Attitudes Towards Aging and the Acceptance of ICT for Aging in Place

  • Eva-Maria SchomakersEmail author
  • Julia Offermann-van Heek
  • Martina Ziefle
Conference paper
Part of the Lecture Notes in Computer Science book series (LNCS, volume 10926)


Facing the demographic developments in the Western world, Information and Communication Technologies (ICT) designed to support older people can represent a promising approach for the overloaded health care systems. Most older adults prefer to age in place in their home environment. Assistive ICT can support older adults in staying independent, connected, and healthy and provide help in emergency situations. However, older adults represent a special group regarding the use of ICT: they are still often less experienced and cautious in adapting new technologies. Correspondingly, acceptance poses the greatest barrier for the success of assistive ICT. Older adults are not a homogeneous group, they differ in their experience with technologies, attitudes towards aging, and ideas for quality of life. In a questionnaire approach, N = 166 participants’ attitudes towards aging and evaluation of two examples of ICT are assessed. The analysis shows, that technology generations differ in their opinions about aging as well as their assessment of assistive ICT. Attitude towards aging, gender, education, health status, and other attitudes form a multifaceted picture of influences on the acceptance.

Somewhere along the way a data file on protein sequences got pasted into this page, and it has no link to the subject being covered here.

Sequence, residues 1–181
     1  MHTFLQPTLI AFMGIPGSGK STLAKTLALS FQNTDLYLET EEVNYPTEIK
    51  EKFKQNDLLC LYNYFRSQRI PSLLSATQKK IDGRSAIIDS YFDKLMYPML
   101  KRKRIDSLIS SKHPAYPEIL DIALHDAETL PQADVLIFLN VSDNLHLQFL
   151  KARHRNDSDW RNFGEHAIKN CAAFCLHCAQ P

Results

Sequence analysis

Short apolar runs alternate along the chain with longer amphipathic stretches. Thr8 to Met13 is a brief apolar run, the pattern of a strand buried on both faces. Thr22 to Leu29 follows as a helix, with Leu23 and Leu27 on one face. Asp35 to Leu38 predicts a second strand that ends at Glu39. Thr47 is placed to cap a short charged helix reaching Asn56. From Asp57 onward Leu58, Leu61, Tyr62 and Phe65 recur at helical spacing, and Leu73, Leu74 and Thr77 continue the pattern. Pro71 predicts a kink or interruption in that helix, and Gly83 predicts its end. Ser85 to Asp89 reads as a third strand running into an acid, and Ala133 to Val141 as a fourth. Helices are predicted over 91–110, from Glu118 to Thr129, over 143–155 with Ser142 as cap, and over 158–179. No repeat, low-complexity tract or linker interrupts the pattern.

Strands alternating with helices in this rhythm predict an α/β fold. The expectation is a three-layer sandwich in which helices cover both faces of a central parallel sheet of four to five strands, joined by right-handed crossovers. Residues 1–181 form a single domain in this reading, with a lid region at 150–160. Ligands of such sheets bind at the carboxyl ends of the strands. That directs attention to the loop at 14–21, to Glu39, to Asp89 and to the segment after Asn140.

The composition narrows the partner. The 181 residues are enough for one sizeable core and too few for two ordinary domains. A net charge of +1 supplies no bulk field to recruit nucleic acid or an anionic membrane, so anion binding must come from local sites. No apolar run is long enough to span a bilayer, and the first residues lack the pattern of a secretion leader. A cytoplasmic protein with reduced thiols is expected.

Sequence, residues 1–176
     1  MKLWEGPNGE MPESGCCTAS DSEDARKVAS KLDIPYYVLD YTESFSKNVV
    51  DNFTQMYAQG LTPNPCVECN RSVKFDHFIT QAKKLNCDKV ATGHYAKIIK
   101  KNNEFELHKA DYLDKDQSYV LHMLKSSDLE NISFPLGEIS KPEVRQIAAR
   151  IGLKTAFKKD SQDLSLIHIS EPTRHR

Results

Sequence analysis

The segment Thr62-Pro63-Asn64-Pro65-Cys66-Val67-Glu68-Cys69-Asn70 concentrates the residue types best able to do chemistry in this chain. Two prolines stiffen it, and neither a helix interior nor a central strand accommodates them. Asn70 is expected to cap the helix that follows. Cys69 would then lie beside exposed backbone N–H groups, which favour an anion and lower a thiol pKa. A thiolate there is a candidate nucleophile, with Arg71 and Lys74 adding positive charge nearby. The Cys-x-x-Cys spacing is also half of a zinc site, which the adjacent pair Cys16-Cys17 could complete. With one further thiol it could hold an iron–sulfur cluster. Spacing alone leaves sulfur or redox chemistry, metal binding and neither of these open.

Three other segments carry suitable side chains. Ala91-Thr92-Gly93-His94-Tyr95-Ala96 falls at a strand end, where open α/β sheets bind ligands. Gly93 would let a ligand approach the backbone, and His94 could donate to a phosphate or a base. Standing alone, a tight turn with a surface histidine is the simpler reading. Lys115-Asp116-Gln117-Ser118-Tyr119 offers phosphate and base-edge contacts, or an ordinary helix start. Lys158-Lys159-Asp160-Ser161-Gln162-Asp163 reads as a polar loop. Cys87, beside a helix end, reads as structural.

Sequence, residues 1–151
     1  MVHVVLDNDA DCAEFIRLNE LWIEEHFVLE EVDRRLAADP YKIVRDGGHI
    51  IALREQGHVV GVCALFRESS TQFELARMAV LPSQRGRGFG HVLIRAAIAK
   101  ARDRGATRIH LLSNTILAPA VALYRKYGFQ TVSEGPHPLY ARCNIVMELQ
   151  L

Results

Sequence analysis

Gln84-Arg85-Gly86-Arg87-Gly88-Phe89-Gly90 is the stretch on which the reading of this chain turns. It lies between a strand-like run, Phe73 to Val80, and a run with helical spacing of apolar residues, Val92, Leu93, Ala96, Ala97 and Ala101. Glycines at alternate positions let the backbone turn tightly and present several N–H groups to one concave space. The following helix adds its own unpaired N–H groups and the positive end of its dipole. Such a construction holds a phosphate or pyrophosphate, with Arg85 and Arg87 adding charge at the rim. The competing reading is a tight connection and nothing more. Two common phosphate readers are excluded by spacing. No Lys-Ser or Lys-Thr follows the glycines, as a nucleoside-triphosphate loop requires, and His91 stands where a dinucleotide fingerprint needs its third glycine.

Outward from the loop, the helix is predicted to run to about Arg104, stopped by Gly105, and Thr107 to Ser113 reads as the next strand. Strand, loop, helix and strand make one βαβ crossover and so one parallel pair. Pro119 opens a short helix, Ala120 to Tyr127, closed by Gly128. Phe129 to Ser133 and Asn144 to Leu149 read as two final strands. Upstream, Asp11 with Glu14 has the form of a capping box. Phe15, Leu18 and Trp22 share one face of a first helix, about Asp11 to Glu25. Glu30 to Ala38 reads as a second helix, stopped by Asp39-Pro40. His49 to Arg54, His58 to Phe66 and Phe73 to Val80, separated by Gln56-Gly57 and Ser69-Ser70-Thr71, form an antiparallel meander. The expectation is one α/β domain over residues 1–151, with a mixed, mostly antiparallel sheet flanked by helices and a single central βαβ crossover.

Technology acceptance Aging Attitudes towards aging Information and communication technologies Assistive technologies 



The authors thank all participants for their openness in sharing their opinions. Furthermore, the authors want to thank Nils Plettenberg for research assistance. This work was funded by the German Federal Ministry of Education and Research (in parts: projects Whistle 16SV7530 and MyneData (KIS1DSD045)).


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Copyright information

© Springer International Publishing AG, part of Springer Nature 2018

Authors and Affiliations

  • Eva-Maria Schomakers
    • 1
    Email author
  • Julia Offermann-van Heek
    • 1
  • Martina Ziefle
    • 1
  1. 1.Human-Computer Interaction CenterRWTH Aachen UniversityAachenGermany

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